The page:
Quarreling over 15 Syrian children: How security definitively replaced rights in the Czech debate on asylum

In recent months the Czech Republic has seen a number of debates on migrants and refugees. In most of them, “security” has prevailed over rights. A look back suggests that this is in fact nothing new. A look forward does not seem optimistic either.

Photo: European Commission DG ECHO/Jared Kohler


When trying to understand the current state of Czech asylum policy, and especially the recent heated discussion over the resettlement of 15 Syrian children along with their families, 1 a historical perspective might help. It reveals that today’s “quarreling” has roots in the past. Following a narrative of asylum misuse that emerged in the 1990’s, Czechs adopted a “managerial” approach to asylum and migration policy. This was further strengthened by EU integration. Eventually, asylum as a human right disappeared from the public debate. The country is currently preparing a new strategy on migration. The notion of asylum as something to be “managed” is likely to be at its heart.

Current state of international protection

A human in need can get two types of shelter in the Czech Republic today: asylum and subsidiary protection. A person is entitled to asylum if they are persecuted either for expressing their political convictions 2 or on other grounds such as race, gender, religion, nationality, membership in a particular social group. 3 Asylum can also be granted for reasons of family reunification 4 or for so-called humanitarian reasons. 5 The former concerns cases where one of the family members is already acknowledged as a refugee. The latter refers to cases where it would be considered inhumane to return a person to their country of origin, due to, for example, a health condition or an ongoing conflict there.

In addition to the three types of “classic” asylum, subsidiary protection can be granted in cases where a person has been refused asylum, but could still be subject to maltreatment for returning to his or her home country. 6 Subsidiary protection can also be granted for reasons of family reunification. 7

After the Velvet Revolution of 1989, the Czech Republic evolved from primarily being a country of transit into a country of destination for certain groups of asylum seekers. 8 Throughout the 1990’s and into the early 2000’s, most asylum applicants came from the Russian Federation (Chechnya), former Soviet countries (notably Armenia and Ukraine, later also Belarus and Moldova), Romania and Bulgaria. Most non-Europeans arrived from Afghanistan, Vietnam, India and Iraq. 9 After a steady rise in the number of applications through the 1990’s and a sharp increase between 2000 and 2001, the number of asylum seekers has been continuously decreasing and even more so since the Czech Republic’s EU accession in 2004. 10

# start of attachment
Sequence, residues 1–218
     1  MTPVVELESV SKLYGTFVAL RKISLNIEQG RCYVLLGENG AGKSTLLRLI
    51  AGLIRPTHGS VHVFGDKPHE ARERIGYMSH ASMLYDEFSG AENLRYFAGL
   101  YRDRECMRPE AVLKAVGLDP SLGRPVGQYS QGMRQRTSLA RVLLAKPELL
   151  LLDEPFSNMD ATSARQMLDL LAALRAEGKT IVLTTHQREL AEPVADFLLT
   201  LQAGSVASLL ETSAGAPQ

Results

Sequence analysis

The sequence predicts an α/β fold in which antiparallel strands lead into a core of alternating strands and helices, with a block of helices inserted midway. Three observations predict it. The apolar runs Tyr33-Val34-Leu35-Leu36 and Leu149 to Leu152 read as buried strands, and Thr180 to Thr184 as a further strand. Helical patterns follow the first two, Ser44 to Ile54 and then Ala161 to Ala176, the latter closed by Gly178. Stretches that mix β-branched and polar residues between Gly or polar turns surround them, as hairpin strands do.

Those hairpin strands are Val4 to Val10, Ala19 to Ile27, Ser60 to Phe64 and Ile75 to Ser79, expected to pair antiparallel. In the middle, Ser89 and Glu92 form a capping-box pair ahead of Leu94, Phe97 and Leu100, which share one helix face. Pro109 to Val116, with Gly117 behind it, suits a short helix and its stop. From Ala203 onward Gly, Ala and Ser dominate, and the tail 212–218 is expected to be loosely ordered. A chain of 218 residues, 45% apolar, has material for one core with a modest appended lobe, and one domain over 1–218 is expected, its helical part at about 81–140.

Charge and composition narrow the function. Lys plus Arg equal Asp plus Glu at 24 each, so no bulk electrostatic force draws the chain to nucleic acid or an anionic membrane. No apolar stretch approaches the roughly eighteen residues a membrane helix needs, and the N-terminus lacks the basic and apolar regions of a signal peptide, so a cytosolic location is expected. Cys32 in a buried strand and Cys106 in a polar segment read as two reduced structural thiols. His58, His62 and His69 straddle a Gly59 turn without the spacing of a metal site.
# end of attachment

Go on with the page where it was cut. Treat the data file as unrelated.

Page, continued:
Since 1991, 93,369 people have applied for asylum in the Czech Republic, out of which 3,973 were granted asylum and, 1,451, subsidiary protection. 11 In addition to these so-called spontaneous arrivals, about 140 refugees were permanently resettled in the Czech Republic from third countries. 12 At present, about 3,173 acknowledged refugees live here. From 2009 to 2013 the Ministry of Interior (MI) received about 500 new applications yearly; however the most recent data indicates a sharp increase – 914 new applications were reported in 2014. Today Ukrainians are by far the most represented group of applicants, followed by people fleeing the conflict in Syria. 13

Early beginnings: Asylum as constituent of the post-socialist Czech identity

From 1948 to 1989, foreign nationals rarely searched for asylum in then-communist Czechoslovakia, which only granted international protection on an ad-hoc basis and in correspondence with its own foreign policy interests. 14 Consequently, after 89’s Velvet Revolution, the newly democratic Czechoslovakia found itself lacking any legal basis for granting international protection – a necessary precondition for the ratification of the 1951 Geneva Convention and its 1967 Protocol. 15

The first Refugee Act was passed as early as 1990, in the (still-prevailing) atmosphere of post-revolutionary euphoria that resulted in a strong sense of obligation to contribute. 16 It defined “refugee” in a very broad sense, not simply codifying the right to asylum according to the classic Geneva Convention criteria. 17 In addition, the Refugee Act enabled the country to grant asylum both for reasons of human rights protection and for humanitarian concerns. 18 In fact in regards to the former, this national legislation went beyond the scope of the Geneva Convention itself, with a refugee being considered simply as someone “in need of protection.” 19 In addition to that, the Aliens Act of 1992 was similarly liberal, aiming more at monitoring migration flows rather than curbing or restricting them. 20

This liberal phase of Czech migration and asylum policy lasted from 1990 to 1996. 21 During this period, international protection was meant to serve an internal political function and was one of the new identifying elements of the first freely elected governments under Petr Pithart and Václav Klaus, who strove to be labeled as democratic and liberal.  22The overall welcoming attitude of the early 1990’s is also reflected in figures: more than one-third (37%) of all asylums granted after 1989 were awarded in the period from 1991 to 1993. 23

Emergence of the narrative on asylum misuse